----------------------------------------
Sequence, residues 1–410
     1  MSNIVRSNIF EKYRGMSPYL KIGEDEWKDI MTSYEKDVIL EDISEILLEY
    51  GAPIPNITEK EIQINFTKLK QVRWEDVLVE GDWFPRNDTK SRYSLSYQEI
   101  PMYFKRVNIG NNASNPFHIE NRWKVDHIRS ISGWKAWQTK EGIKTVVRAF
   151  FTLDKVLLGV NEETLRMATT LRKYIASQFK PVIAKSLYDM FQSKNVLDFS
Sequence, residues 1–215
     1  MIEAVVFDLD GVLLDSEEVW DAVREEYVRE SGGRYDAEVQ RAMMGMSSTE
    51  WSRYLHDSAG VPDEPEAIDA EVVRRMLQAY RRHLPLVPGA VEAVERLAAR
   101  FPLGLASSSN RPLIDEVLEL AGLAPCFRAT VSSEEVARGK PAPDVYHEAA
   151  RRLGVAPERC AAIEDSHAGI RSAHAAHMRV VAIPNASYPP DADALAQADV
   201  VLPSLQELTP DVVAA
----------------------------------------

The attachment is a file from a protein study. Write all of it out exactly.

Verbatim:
Sequence, residues 1–410
     1  MSNIVRSNIF EKYRGMSPYL KIGEDEWKDI MTSYEKDVIL EDISEILLEY
    51  GAPIPNITEK EIQINFTKLK QVRWEDVLVE GDWFPRNDTK SRYSLSYQEI
   101  PMYFKRVNIG NNASNPFHIE NRWKVDHIRS ISGWKAWQTK EGIKTVVRAF
   151  FTLDKVLLGV NEETLRMATT LRKYIASQFK PVIAKSLYDM FQSKNVLDFS
Sequence, residues 1–215
     1  MIEAVVFDLD GVLLDSEEVW DAVREEYVRE SGGRYDAEVQ RAMMGMSSTE
    51  WSRYLHDSAG VPDEPEAIDA EVVRRMLQAY RRHLPLVPGA VEAVERLAAR
   101  FPLGLASSSN RPLIDEVLEL AGLAPCFRAT VSSEEVARGK PAPDVYHEAA
   151  RRLGVAPERC AAIEDSHAGI RSAHAAHMRV VAIPNASYPP DADALAQADV
   201  VLPSLQELTP DVVAA